Global financial markets plunged on Friday as a trade war between the US and China escalated, with President Donald Trump imposing tariffs worth $60 billion in Chinese imports and Beijing threatening Washington with higher tariffs worth $3 billion for imported American products.In his strongest trade confrontation with China in nearly a quarter century, Trump signed an order imposing the tariffs and also limiting China's freedom to invest in the US technology industry.Financial markets took a hit on fears of a potential trade war between the world's two largest economies. Trump declared that China was responsible for thousands of lost American jobs and billions in lost revenues.The Chinese government fired back on Friday, calling Trump's Thursday announcement "typical unilateralism and protectionism". China's Commerce Ministry said the US had set a "very bad precedent" while the Foreign Ministry called the US to make "rational and prudent decisions".The US also launched a complaint against China at the World Trade Organization (WTO), the BBC reported."China appears to be breaking WTO rules by denying foreign patent holders, including US companies, basic patent rights to stop a Chinese entity from using the technology after a licensing contract ends," the US government said in a statement."China also appears to be breaking WTO rules by imposing mandatory adverse contract terms that discriminate against and are less favourable for imported foreign technology."
The White House said it was taking action in retaliation for China's use of pressure and intimidation to obtain American technology and trade secrets.The measures included a significant change in Trump's looming steel and aluminium tariffs that would aim them primarily at China, the Washington Post reported.After Trump's announcement, China's Commerce Ministry said it was proposing tariffs on 128 US products including pork, wine and seamless steel tubes.It will include an additional 15 per cent tariff on products including fruit, nuts, wines and seamless steel tubes and an additional 25 per cent tariff on pork and recycled aluminium products."China does not want to fight a trade war, but it is absolutely not afraid," the Chinese Ministry said. "We are confident and capable of meeting any challenge.But it also urged the Trump administration to resolve differences through dialogue.The $3 billion worth of goods that Beijing planned to penalize represented just about 2 per cent of US exports to China, which amounted to $130 billion in 2017, said Chad Bown, a senior fellow at the Peterson Institute for International Economics in the US.Trump's actions fulfil his campaign pledge to demand fairer trade deals with countries and to retaliate against trading partners if the US does not secure better agreements."We have one particular problem," Trump said before signing the order that will impose tariffs on hundreds of Chinese products, from shoes and clothing to consumer electronics. "We have a tremendous intellectual property theft situation going on. We're doing things for this country that should have been done for many, many years."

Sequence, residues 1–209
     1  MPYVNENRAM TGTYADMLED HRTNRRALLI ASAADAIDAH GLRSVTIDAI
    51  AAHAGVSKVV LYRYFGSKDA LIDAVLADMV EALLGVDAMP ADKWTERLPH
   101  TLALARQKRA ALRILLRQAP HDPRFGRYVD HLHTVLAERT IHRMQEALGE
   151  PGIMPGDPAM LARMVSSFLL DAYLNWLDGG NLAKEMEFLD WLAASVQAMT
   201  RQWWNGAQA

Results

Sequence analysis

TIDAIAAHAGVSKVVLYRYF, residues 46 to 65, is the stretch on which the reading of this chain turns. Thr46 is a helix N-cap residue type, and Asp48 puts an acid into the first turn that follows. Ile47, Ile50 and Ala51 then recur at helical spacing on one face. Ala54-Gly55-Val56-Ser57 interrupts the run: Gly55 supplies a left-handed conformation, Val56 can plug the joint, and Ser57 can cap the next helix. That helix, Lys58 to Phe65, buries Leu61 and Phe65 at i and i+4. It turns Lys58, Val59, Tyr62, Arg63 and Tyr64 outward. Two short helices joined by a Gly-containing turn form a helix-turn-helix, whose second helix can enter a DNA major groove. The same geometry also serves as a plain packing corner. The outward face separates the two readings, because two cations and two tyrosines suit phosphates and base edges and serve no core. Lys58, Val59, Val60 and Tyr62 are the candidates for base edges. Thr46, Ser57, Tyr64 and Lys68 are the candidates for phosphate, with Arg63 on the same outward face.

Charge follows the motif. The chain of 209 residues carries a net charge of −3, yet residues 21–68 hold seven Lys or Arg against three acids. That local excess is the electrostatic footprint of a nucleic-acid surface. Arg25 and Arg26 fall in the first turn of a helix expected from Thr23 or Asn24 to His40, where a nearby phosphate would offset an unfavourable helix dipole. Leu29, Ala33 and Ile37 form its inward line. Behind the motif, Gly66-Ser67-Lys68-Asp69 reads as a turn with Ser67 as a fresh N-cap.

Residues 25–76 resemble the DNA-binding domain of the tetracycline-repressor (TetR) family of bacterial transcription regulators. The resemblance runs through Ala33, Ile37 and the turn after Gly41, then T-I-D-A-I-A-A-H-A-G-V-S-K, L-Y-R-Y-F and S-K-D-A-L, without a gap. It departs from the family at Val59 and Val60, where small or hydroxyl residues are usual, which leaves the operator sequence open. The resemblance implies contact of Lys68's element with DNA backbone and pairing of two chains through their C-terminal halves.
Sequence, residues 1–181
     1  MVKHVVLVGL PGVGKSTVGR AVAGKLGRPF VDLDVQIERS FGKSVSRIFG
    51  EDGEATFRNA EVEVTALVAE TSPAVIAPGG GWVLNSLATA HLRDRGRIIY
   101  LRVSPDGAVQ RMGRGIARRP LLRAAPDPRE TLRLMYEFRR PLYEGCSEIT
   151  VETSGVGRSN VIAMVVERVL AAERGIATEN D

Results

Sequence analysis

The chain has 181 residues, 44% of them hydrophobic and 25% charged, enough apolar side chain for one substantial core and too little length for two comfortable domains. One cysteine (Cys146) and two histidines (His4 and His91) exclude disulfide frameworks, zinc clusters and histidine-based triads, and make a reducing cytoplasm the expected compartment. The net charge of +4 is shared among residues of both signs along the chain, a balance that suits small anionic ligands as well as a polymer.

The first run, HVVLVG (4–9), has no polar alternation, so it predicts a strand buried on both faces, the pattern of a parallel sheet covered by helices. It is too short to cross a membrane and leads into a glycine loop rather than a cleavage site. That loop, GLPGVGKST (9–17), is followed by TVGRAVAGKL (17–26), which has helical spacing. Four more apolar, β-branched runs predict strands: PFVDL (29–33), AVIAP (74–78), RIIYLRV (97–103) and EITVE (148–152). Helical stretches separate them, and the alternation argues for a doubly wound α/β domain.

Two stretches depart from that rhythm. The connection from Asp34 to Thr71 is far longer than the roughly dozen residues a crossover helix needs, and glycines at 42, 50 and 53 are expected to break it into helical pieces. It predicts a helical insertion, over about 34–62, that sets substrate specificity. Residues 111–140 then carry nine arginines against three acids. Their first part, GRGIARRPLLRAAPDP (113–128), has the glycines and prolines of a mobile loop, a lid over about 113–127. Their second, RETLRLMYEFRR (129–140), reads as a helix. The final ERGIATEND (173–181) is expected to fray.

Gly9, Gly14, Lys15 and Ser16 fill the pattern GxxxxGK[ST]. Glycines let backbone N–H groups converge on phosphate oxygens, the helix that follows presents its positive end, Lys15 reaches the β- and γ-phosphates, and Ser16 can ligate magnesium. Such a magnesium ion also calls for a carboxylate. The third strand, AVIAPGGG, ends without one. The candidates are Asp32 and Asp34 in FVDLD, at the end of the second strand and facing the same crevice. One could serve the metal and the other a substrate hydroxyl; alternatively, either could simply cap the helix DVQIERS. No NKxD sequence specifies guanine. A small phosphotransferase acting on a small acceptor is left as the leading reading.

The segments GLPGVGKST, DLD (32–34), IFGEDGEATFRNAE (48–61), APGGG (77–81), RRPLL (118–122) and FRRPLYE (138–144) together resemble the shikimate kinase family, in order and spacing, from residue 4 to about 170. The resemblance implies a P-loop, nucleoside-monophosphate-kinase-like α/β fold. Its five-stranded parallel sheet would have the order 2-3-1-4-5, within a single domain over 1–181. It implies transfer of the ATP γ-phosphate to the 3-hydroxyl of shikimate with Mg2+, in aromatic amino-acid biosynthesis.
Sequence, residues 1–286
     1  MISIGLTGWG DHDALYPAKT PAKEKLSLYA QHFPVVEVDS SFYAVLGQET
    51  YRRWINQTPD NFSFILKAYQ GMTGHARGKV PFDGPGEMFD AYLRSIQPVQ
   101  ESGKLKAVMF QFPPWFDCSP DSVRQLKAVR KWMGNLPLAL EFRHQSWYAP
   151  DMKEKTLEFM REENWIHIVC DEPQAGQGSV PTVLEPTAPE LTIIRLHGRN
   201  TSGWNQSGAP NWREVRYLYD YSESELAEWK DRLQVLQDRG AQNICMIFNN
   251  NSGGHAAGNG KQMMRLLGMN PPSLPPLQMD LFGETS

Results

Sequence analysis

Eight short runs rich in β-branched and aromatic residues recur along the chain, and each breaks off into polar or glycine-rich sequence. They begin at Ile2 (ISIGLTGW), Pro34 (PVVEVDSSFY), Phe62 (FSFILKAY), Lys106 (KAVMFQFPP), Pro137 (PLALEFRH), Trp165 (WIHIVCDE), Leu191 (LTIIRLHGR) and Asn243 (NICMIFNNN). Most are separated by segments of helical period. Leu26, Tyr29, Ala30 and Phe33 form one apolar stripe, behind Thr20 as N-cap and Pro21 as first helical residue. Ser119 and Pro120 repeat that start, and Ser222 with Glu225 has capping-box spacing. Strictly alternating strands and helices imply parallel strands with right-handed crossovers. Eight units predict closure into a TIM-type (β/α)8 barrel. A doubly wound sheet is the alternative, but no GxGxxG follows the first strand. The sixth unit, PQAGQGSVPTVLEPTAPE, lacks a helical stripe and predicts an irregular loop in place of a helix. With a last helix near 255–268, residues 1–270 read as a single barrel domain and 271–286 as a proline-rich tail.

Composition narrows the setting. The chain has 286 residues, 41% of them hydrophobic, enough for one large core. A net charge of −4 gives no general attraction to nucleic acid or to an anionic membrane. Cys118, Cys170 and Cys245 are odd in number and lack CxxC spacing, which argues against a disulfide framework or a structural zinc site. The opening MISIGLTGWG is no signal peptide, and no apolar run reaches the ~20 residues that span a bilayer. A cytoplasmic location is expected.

Trump said Washington "would no longer tolerate running a trade deficit of nearly $400 billion with China", its second-largest trading partner, after the EU.The US administration's increasing focus on punishing China was evident in its decision to exempt allies like the EU, South Korea, Brazil, Canada and Mexico from what were supposed to be worldwide tariffs on steel and aluminium imports. The levies, which went into effect on Friday, will largely hit China.Stock markets were hit by fears that Trump's tariff plan could trigger a trade war. Japan's Nikkei share index fell 4.5 per cent and in the US the Dow Jones sank 2.9 per cent. China's Shanghai Composite Index closed down 3.4 per cent while Hong Kong's Hang Seng index ended 2.5 per cent lower.Trump, on March 8, signed proclamations to impose a 25 per cent tariff on imported steel and a 10 per cent tariff on aluminium, causing mounting dissent among trading partners around the world.Trump had exempted Canada and Mexico from the import levies for the duration of talks aimed at renegotiating the North American Free Trade Agreement.